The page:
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Old 10-27-2012, 02:11 PM   #16
xs400 OP
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Joined: Mar 2006
Location: San Francisco Bay Area, CA
Oddometer: 225
Oruro the Cochabamba

Today's ride would be all paved, but not without excitement. After leaving Oruro at 12,200 feet, we will head up into the mountains and go over a pass at about 15,000 feet. The road over the mountains were well paved and wide. Going over the pass would require a lot of passing of trucks and buses. Double yellow lines on the road are there mainly as a caution and we passed many vehicles on our way over the pass.

Leaving Oruno there was no traffic to speak of. We rode through rolling hills with broad sweeping curves. Approaching the pass the road got steeper and the temperature dropped. Surprisingly, there were people living up near the summit. There's not much vegetation above 14,000 feet.

Nearing the pass on the way to Cochabamba

People living up near the pass, we stopped here to put no some warmer gear.

Just pass the summit, looking back.

The road on the way down from the pass. The red dirt of the mountains were really spectacular to see!

On the ride down after going over tha pass, we came across a bus accident. One bus had rear ended another bus on the road down the mountain. We also saw a third bus broken down on the side of the road. It was not a good day to be in a bus.

The highway down the mountains on the way to Cochabamba. If you closely you can see trucks and buses on the road.

Truck stop on the way to Cochabamba

Downtown Cochabamba

Arriving in Cocabamba I was warned to stay close and not get lost. Cochabamba is a city of about 1 million people. If I lost the guide, it would be hard to find him again - not impossible because I had the address and phone number of the hotel, but it would be a PITA to find the place by myself. Traffic was crazy in Cochabamba. We were splitting lanes and passing cars and trucks on the right. I'm OK splitting lanes, but when passing on the right you really have to focus in case someone in front decide to make a right turn. Also, traffic lights were mainly cautionary - meaning people ran red lights - and the lines were not obeyed all the time.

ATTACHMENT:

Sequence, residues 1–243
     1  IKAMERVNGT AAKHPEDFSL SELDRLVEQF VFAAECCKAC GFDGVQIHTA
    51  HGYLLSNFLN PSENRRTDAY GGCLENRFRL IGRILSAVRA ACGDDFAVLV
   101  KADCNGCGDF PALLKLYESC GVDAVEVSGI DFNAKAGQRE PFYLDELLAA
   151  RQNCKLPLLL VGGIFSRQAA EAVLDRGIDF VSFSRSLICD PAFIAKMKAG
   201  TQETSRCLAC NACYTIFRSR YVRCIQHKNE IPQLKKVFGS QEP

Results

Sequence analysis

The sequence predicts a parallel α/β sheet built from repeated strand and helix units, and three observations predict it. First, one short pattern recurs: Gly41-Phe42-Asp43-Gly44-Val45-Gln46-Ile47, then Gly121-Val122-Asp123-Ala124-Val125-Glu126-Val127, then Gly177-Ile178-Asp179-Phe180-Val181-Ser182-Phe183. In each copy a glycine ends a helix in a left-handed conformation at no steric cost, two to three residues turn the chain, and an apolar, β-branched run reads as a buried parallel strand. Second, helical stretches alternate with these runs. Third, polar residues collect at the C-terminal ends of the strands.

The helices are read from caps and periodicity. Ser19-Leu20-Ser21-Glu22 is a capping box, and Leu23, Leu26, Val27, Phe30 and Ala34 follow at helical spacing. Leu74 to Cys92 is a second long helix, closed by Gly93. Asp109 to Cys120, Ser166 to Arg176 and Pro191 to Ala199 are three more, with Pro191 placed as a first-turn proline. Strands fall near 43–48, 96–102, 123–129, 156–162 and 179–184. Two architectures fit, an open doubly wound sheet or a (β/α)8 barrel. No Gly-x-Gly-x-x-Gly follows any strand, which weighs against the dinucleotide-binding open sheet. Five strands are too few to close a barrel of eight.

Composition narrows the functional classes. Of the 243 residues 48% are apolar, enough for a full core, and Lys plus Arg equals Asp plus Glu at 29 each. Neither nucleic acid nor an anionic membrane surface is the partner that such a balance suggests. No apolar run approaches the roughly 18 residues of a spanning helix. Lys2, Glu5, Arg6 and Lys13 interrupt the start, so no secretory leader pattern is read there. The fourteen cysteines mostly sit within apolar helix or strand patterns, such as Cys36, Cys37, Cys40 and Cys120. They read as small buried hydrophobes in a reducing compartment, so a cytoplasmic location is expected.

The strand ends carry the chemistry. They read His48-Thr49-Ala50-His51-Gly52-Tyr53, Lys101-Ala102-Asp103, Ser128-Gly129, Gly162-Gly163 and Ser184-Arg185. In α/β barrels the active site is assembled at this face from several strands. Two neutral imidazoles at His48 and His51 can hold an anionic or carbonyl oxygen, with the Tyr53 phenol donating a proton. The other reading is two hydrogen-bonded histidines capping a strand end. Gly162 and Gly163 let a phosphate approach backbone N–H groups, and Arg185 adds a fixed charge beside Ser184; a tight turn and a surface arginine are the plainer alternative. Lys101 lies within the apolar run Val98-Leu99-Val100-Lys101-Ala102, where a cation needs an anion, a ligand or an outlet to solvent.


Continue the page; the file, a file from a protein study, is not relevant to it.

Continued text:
Cochabamba was quite a bit lower altitude (9,300 feet ) and warmer than the towns we had been in previously. It was hot negotiating the stop and go traffic in the city center.

Traffic in Cochabamba

We spent 2 nights in Cochabamba with 2 planned activities, stopping by the local market and visiting the largest "Cristo" sculpture of South America. At 33 meters and 30 cm, the Cristo de Cochabamba is 30 cm taller then the famous "Cristo de Rio de Janeiro"

The market in Cochabamba - note the 3 people on the scooter on the left - helmets? - they don't need no sticking helmets. 0r any gear for that matter.

To get to the Cristo statue there is a gondola you can take for the trip up and down. It was a hot day and the gondola ride was a nice way to get there. Once at the top, you could go inside the statue and walk up to about has high as the arms. There were some small windows in the statue where you could look out.
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"I will not be pushed, filed, stamped, indexed, briefed, debriefed, or numbered! My life is my own." - No.6; The Prisoner
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